Thomas Kinkade’s works are like liver and onions: either you like them or you hate him.
I received a note from a collector of Thomas Kinkade figurines who receives a new one every two months, thanks to a subscription. She wanted to know if they will increase in value over time.
Thomas Kinkade (born on January 19, 1958 in Sacramento, Ca.) is like liver and onions: either you like him or you hate him. Kinkade has successfully branded himself as the “Painter of Light,” a trademarked phrase. When not using that moniker, he is “America’s most-collected living artist.” Critics attack his work as over commercialized (he is a QVC favorite), lacking substance, and pandering to popular tastes.
Whichever camp you are in, you have to credit Kinkade, as he has created one of the best mass-marketing programs for printed reproductions and related licensed products during the last quarter of the 20th century. His reach and popularity is equivalent to the Norman Rockwell mass-marketing program of the late 1960s through the early 1980s. Alas, we all know what happened to the secondary market value (more correctly, lack of value) of these items.
Beacon of Hope Kinkade figurine
Unlike the 1960s-1980s Rockwell-licensed products, a speculative secondary market has not developed for Kinkade material. I checked eBay and other Internet sources. Most listings were by dealers trying to sell current product either at list or a slight discount.
Kinkade’s prints and other licensed products are not cheap. Prints range from the middle hundreds to low thousands. And then throw in another two hundred dollars for framing. There is profit aplenty in these prices, since the actual off the press price for the print is likely less than $50. Actually, I’m trying to be nice. It is more likely less than $25.
Winter Angel of Light Kinkade figurine
Before I conduct an appraisal clinic, I say a silent prayer asking God to please not make me deal with a variety of items. Cruise ship art and Thomas Kinkade products are on the list.
The simple answer to the question is that you have a greater chance of winning a lottery than your Kinkade figures have of increasing in value in the next 50 years. In 25 years, I expect the secondary market will be half or less of their initial sale price. Optimists hold out the hope that future generations will see through the crass commercialism of Kinkade and develop a finer and more sophisticated art appreciation. I am only dipping my toe in their stream of consciousness.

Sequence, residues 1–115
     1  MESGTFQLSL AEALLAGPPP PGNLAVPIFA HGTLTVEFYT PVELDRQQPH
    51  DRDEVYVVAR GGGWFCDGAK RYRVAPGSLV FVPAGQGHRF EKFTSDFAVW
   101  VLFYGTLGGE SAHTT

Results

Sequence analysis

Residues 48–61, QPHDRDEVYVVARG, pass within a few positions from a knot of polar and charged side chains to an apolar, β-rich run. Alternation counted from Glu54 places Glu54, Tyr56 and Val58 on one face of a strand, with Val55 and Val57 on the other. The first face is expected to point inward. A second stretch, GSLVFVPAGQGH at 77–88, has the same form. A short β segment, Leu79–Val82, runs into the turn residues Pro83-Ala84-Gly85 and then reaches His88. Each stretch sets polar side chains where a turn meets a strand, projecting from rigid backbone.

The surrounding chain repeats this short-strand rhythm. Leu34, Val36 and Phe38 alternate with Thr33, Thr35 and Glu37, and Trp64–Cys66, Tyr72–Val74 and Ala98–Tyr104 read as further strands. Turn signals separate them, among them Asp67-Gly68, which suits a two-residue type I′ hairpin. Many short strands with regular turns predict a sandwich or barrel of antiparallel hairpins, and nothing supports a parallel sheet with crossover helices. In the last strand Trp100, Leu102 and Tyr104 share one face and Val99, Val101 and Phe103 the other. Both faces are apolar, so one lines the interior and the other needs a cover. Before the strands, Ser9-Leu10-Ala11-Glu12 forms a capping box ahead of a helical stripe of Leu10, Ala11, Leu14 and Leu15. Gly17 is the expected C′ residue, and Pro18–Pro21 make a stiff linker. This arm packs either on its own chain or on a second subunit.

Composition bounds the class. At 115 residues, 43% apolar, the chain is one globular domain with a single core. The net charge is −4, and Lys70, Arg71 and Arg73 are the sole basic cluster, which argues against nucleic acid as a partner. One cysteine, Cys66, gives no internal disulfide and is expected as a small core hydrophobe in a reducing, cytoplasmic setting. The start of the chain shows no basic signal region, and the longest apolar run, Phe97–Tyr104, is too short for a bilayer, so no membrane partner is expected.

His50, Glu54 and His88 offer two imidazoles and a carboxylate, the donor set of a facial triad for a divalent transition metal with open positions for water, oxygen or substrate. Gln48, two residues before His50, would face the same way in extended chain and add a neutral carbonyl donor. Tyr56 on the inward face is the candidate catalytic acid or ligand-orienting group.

As with all contemporary products, buy the Kinkade figures because you like them and plan to live with them until you die. Remember, you always can use them as gifts.
Rinker Enterprises and Harry L. Rinker are on the Internet. Check out his Web site.
You can listen and participate in “WHATCHA GOT?,” Harry’s antiques-and-collectibles radio call-in show on Sunday mornings between 8 a.m. and 10 a.m. Eastern Time. It streams live on the Genesis Communications Network.
“SELL, KEEP OR TOSS? HOW TO DOWNSIZE A HOME, SETTLE AN ESTATE, AND APPRAISE PERSONAL PROPERTY” (House of Collectibles, an imprint of the Random House Information Group), Harry’s latest book, is available at your favorite bookstore and via Harry’s Web site: http://www.harryrinker.com
Harry L. Rinker welcomes questions from readers about collectibles, those mass-produced items from the 20th century. Selected letters will be answered on this site. Harry cannot provide personal answers. Photos and other material submitted cannot be returned. E-mail your questions to: firstname.lastname@example.org. Only e-mails containing a full name and mailing address will be considered. Please indicate that these are questions for WorthPoint.
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